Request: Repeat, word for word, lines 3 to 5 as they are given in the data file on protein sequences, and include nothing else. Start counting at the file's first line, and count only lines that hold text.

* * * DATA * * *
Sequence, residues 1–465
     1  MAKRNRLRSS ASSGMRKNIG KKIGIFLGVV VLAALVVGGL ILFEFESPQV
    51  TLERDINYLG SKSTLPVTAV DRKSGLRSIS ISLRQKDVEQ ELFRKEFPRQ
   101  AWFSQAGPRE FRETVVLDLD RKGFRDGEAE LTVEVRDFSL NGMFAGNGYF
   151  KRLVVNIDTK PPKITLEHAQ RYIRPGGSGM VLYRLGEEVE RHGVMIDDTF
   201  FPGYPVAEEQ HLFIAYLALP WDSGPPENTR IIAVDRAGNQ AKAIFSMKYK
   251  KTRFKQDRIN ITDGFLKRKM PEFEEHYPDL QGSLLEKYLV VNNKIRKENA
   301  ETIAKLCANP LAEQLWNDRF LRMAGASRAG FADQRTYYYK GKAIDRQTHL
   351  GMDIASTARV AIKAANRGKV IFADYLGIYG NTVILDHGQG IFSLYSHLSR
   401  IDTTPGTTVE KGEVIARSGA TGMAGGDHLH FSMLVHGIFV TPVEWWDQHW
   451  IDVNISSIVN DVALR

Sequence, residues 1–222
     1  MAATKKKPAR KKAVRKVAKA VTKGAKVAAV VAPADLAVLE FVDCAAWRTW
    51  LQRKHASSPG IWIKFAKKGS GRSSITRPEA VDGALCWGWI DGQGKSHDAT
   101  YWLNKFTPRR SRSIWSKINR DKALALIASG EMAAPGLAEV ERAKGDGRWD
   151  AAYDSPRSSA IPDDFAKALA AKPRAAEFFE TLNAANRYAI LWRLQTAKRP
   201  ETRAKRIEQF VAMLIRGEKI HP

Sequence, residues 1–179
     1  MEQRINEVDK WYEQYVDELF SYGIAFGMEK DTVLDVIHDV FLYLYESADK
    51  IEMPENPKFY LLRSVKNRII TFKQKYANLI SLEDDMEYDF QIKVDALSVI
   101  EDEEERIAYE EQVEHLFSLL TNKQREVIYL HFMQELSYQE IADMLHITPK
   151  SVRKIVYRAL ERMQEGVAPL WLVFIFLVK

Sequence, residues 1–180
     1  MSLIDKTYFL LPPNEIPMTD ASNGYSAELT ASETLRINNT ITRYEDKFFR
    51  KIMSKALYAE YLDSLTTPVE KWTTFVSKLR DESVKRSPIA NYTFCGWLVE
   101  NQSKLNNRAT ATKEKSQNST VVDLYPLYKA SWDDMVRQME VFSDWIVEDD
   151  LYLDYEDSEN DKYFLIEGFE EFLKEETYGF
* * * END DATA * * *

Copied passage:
    51  TLERDINYLG SKSTLPVTAV DRKSGLRSIS ISLRQKDVEQ ELFRKEFPRQ
   101  AWFSQAGPRE FRETVVLDLD RKGFRDGEAE LTVEVRDFSL NGMFAGNGYF
   151  KRLVVNIDTK PPKITLEHAQ RYIRPGGSGM VLYRLGEEVE RHGVMIDDTF